JERUSALEM (JTA) -- Some 1,600 Jewish worshipers escorted by Israeli soldiers visited Joseph's Tomb for late night prayers, but the event was overshadowed by others who refused to leave the West Bank holy site.
The worshippers entered the site in the West Bank city of Nablus early Monday morning in coordination with the army. The visit came five weeks after a Jewish man who entered the tomb without permission was shot dead by a Palestinian policeman.
(JTA) – The Conservative movement ordained its first openly gay rabbi during ceremonies at the Jewish Theological Seminary in New York.
Rachel Isaacs, 28, was ordained at JTS on May 19. She told the Forward that she began her rabbinical training at the Reform movement’s Hebrew Union College-Jewish Institute of Religion, but switched to the Conservative seminary after it began admitting openly gay and lesbian students in 2007.
Too many Conservative Jewish synagogues and institutions – the United Synagogue of Conservative Judaism included – have forgotten the passion, the joy, and even the accessibility of Shavuot.
Rabbi Steven Wernick
Special to the Jewish Week
One of Judaism’s most profound ideas is the notion that each year at Shavuot each of us stands at Mount Sinai, poised to receive the Torah as if for the first time. The holiday, in other words, is an annual renewal of the relationship we Jews as a people experience with God through Torah.
Q - In the wake of recent sex scandals involving Arnold Schwarzenegger and Dominique Strauss-Kahn, Time Magazine ran a cover story asking the rhetorical question, "What Makes Powerful Me Act Like Pigs?" Ethically speaking, how does Judaism account for this constant abuse of power by piggish men?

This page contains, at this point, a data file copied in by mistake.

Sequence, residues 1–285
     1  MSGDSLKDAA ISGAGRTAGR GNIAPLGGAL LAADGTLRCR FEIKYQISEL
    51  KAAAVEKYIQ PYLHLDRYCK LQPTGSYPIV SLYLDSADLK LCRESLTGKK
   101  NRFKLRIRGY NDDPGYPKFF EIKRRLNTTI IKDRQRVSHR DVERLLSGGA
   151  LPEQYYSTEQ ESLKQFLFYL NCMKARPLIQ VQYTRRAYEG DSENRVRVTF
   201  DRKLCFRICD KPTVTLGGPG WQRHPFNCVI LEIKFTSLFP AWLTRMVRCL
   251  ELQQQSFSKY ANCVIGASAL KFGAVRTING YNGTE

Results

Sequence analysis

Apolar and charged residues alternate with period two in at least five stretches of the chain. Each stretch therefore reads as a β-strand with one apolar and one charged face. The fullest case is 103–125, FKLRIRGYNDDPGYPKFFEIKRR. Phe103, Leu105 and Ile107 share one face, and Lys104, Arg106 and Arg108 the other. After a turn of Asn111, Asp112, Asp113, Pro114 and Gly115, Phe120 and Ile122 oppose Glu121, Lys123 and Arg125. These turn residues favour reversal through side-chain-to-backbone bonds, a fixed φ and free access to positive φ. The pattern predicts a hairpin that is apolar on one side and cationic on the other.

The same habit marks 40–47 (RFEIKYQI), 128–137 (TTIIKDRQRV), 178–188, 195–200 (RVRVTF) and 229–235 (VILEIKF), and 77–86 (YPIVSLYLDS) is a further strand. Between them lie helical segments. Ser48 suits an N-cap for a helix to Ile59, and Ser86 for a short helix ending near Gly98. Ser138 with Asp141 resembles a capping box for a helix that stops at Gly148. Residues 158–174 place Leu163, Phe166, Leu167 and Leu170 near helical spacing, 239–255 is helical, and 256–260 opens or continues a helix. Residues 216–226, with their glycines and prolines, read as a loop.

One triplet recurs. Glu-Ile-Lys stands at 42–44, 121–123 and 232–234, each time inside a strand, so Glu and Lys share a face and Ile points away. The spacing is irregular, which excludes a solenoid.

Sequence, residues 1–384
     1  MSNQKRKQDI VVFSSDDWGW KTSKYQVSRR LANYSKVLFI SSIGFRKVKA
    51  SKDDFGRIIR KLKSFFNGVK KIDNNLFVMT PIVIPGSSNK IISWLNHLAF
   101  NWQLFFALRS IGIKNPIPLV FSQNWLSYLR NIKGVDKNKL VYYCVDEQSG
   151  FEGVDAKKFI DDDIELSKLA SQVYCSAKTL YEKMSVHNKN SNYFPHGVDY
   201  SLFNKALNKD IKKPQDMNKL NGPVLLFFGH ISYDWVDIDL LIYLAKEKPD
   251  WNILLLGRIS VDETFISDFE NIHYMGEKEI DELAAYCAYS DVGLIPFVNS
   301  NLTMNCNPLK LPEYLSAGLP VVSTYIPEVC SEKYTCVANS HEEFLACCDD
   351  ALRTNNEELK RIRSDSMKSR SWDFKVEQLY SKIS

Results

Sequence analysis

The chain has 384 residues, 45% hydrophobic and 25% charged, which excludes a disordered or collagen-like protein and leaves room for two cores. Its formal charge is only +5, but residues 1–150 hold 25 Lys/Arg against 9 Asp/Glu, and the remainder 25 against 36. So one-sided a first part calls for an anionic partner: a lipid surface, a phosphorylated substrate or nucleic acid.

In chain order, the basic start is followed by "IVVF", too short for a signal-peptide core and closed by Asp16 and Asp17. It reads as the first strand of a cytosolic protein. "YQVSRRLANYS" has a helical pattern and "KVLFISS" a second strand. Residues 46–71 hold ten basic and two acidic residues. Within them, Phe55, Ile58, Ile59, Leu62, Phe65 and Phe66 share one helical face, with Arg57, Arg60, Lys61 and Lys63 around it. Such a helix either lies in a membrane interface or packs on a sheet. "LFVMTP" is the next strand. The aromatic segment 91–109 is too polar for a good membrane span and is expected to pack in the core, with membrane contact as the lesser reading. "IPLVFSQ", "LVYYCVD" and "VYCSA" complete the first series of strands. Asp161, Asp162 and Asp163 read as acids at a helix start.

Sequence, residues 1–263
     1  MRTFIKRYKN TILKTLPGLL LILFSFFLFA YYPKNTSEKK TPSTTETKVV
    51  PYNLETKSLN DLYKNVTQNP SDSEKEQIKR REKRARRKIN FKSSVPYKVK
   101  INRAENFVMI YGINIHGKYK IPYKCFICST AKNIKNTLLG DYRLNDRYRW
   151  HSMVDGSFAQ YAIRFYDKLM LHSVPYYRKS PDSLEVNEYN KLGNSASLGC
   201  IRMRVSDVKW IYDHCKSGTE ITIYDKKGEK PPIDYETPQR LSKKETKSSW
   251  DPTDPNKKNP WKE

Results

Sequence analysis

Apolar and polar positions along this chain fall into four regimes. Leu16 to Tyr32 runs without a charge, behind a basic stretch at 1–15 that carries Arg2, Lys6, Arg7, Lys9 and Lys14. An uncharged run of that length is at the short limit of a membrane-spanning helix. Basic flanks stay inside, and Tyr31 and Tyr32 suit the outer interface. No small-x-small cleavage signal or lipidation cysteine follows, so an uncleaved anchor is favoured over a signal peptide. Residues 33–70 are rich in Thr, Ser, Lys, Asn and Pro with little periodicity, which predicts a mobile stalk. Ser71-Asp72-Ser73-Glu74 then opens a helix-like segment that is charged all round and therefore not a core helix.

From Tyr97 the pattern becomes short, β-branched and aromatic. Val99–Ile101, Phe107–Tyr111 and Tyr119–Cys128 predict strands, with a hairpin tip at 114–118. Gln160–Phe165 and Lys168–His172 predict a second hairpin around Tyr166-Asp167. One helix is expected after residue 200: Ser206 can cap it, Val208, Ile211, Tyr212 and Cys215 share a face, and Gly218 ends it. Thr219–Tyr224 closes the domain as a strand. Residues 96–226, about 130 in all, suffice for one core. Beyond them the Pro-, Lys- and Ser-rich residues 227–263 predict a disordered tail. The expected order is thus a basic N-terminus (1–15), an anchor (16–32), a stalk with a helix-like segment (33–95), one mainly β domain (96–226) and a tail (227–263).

This past December, I wrote my (secular) New Year's Resolution article for the Jewish Week called, "Live Like a Movie Star.". In that article, I made a commitment - in print - that I would stop thinking about myself as a coach who just happens to write a column of careless musings, and to start regarding myself as a real writer.
In my third year of rabbinical school, I began a student pulpit in Florida. One part of my two-year experience there that will always stay with me involved my work with a prospective convert, Tammy. In the middle of my first year, she approached me to discuss the possibility of conversion to Judaism. She had read quite a bit about Judaism already, and she really felt that the Jewish community was her true home.
Synagogues are places of meaning, sanctuaries for the soul, magnets for community. This month, we look at their history, both ancient and modern; art and architecture; ritual and prayer. And, we feature several personal stories about synagogues and their